No money demanded in bomb scare over rich teen
THE tale of the Australian teenager who had a fake bomb strapped to her by a masked intruder in Sydney's leafy suburbs gets more and more peculiar.
A note left at the scene demanded no money, it emerged yesterday, and was reportedly signed in the name of Dirk Struan, a ruthless businessman in James Clavell's 1966 novel, 'Tai-Pan'.
Emerging from her house in affluent Mosman yesterday, for the first time since Wednesday's ordeal, 18-year-old Madeleine Pulver told reporters: "I'm all right."
A young policewoman, who supported her for the first three hours, described her as "the strongest, bravest girl in the world".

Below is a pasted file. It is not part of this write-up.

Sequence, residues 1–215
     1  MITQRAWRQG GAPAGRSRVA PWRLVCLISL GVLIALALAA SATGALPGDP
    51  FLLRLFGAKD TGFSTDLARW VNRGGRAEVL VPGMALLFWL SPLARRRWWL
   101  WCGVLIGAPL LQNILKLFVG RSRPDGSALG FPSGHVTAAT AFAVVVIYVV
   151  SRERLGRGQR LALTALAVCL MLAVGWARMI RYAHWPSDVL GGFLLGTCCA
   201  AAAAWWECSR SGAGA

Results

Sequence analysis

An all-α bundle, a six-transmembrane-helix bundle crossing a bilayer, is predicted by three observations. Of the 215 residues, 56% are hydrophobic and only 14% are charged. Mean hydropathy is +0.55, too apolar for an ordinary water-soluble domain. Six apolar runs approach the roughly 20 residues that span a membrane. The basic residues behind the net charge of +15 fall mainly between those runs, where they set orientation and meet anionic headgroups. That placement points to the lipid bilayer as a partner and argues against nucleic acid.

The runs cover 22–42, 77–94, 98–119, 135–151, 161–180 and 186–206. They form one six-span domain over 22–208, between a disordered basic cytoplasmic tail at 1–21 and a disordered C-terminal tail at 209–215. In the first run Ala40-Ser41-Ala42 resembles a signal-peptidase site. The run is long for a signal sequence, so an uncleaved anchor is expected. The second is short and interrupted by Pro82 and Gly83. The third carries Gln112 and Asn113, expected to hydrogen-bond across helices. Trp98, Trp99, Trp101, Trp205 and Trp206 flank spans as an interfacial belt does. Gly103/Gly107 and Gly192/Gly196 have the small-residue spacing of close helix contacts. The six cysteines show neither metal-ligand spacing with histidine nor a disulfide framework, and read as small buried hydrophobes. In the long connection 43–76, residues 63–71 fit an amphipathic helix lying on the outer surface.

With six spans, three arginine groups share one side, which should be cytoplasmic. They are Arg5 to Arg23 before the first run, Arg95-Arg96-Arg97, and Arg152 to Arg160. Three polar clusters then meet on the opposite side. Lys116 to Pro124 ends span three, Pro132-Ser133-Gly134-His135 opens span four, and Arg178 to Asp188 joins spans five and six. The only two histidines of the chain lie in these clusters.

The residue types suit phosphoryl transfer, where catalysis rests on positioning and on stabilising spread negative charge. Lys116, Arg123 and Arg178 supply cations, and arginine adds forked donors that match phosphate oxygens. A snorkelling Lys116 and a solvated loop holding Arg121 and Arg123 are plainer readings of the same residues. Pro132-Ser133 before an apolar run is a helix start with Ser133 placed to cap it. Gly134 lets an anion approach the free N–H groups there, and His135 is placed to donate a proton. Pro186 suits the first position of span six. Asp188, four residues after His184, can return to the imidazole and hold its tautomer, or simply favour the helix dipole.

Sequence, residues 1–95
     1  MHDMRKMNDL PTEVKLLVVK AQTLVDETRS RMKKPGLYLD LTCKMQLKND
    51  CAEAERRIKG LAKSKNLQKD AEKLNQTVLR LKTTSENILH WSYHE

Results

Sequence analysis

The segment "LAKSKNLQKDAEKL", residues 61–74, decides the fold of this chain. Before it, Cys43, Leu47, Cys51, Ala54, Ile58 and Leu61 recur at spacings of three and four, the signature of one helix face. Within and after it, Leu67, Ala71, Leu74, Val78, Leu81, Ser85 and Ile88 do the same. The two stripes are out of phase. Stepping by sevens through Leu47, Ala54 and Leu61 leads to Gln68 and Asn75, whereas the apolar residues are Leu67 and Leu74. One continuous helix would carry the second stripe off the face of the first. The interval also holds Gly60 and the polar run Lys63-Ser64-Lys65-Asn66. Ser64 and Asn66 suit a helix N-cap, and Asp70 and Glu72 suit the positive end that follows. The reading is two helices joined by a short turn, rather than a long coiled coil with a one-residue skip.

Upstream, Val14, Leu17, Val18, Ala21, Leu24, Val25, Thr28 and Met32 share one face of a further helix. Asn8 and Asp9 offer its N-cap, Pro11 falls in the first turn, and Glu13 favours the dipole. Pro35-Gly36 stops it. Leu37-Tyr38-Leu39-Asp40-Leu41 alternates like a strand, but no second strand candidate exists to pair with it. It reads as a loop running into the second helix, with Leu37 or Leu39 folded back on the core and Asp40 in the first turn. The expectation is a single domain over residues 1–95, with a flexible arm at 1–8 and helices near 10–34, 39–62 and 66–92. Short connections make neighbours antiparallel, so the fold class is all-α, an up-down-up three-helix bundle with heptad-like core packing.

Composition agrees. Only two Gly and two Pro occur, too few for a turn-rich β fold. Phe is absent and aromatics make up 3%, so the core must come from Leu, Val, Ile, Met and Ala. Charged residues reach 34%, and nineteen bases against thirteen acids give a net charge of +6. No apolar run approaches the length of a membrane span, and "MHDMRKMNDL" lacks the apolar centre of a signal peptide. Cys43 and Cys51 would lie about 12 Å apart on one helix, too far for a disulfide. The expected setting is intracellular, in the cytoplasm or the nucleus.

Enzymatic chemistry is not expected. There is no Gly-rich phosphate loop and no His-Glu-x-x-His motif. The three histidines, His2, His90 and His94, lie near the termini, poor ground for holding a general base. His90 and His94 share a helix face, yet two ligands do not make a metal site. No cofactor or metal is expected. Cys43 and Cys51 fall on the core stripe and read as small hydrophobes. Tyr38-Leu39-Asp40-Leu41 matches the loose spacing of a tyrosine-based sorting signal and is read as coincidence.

It took bomb squad officers 10 hours to remove the device and establish that it was harmless.
New South Wales police -- who appear to be struggling to make progress -- said they were refraining from further comment.
However, they confirmed that the note made no demands for money, despite the Pulvers being one of Sydney's wealthiest families.
Based on the Scottish trader William Jardine, Dirk Struan is "a pirate, an opium smuggler, a master manipulator". He is also a victim of extortion. (© Independent News Service)